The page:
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In Hawthorne's "The Scarlet Letter," that Arthur Dimmesdale is respected in the community is even more cause for his anguish. For, he has
won it [the respect], in great part, by his sorrows. His intellectual gifts, his moral perceptions, his power of experiencing and communicating emotion, were kept in a state of preternatural activity by the prick and anguish of his daily life.
While there are other ministers who have spent years acquiring "abstruse lore, connected with the divine profession," the Reverend Dimmesdale has lived with sin and sorrow, and is, thus, more "profoundly versed." There are others who are better versed with
the better world, into which their purity of life had almost introduced these holy personages...only lacking the gift that descended the chosen disciples at Pentecost,
yet they all dwell in the "upper heights" and cannot touch the people as Dimmesdale does so well. It is his burden of sin that gives him "sympathies so intimate with the sinful brotherhood of mankind." But, because the people perceive Dimmesdale as a "miracle of holiness," he is tortured by his guilt since he has always been a lover of truth, not a hypocrite. He yearns to confess, but when he hints at his sin, the congregation merely believes that he humbles himself for their sakes:
More than once, Mr. Dimmesdate had gone into the pulpit....had actually spoken! He had told his hearer that he was altogether vile,...the worst of sinners, an abomination, a thing of unimaginable iniquity...They heard it all, and did but reverence him the more. They little guessed what deadly purport lurked in those self-condemning words.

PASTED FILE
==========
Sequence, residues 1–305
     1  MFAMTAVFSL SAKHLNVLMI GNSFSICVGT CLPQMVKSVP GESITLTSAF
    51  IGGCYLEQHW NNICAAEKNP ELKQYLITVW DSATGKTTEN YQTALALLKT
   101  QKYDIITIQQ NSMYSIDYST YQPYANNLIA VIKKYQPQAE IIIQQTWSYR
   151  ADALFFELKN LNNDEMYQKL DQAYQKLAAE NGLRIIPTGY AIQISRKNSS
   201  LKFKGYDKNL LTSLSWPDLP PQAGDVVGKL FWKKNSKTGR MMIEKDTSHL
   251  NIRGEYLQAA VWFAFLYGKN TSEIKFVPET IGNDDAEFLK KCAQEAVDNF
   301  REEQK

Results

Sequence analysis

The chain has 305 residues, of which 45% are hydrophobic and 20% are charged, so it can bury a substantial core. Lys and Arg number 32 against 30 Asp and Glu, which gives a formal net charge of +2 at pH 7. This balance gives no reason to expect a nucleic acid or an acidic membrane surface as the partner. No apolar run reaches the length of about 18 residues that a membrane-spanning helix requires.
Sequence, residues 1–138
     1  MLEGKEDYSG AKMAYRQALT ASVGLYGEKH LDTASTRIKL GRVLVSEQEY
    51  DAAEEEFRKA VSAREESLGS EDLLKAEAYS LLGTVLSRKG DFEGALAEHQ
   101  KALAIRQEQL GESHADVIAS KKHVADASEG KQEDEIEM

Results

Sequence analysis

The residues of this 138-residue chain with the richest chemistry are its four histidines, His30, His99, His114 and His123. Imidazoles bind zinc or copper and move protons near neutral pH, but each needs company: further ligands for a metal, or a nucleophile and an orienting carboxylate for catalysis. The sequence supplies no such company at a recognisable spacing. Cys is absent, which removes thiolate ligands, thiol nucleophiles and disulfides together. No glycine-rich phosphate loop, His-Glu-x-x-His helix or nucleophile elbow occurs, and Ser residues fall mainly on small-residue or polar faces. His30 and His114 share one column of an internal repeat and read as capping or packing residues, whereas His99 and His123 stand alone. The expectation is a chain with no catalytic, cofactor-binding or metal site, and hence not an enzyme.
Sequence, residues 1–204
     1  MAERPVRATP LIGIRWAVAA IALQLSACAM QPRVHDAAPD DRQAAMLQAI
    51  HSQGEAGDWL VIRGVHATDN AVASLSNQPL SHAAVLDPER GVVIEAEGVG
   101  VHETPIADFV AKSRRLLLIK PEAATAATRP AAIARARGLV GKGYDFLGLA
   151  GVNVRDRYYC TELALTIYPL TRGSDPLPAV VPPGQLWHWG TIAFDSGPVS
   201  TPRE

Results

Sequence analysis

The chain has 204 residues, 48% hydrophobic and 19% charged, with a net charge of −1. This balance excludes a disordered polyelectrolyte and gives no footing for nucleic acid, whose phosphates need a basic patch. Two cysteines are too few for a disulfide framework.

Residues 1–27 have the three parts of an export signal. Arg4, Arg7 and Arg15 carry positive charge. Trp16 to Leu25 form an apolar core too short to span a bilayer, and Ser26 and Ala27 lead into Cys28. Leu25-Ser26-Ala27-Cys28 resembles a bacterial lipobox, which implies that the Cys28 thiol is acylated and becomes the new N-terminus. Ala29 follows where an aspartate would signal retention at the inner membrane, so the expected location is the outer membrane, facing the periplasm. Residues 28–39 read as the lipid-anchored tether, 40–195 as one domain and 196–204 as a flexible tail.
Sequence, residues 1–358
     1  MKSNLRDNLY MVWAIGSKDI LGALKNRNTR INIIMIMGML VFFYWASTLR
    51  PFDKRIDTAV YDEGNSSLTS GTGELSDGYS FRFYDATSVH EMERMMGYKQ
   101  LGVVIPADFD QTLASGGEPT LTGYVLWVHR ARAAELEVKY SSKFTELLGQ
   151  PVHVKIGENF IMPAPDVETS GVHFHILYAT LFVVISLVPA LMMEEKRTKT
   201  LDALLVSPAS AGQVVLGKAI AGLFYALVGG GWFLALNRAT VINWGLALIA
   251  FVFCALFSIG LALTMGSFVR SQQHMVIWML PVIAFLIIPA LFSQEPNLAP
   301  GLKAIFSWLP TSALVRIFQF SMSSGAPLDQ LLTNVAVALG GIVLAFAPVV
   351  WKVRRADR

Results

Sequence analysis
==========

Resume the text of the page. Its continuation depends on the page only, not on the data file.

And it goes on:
Calling Dimmesdale "the godly youth" and "the saint on earth," the minister knows that if he does confess his great sin, the people will refuse to believe him: "He had spoken the very truth, and transformed it into the veriest falsehood." And, because he loathes lies, the Reverend comes to loathe his own "miserable self."
The minister cannot face these people without feeling his shame. So, he begins self-flagellation and fasting in order to atone for his sins. He keeps vigils in his penance. Since "to the untrue man, the whole universe is false," he shrinks from people and life. The only truth is "the anguish in his inmost soul."
With this tremendous conflict of Arthur Dimmesdale, a conflict much more torturous than that of Hester, author Nathaniel Hawthorne expresses his invective against Puritanism, a religion that would deny the intrinsic nature of man and the redemptive power of forgiveness for sin, a religion that forces individuals into hypocrisy if they transgress.
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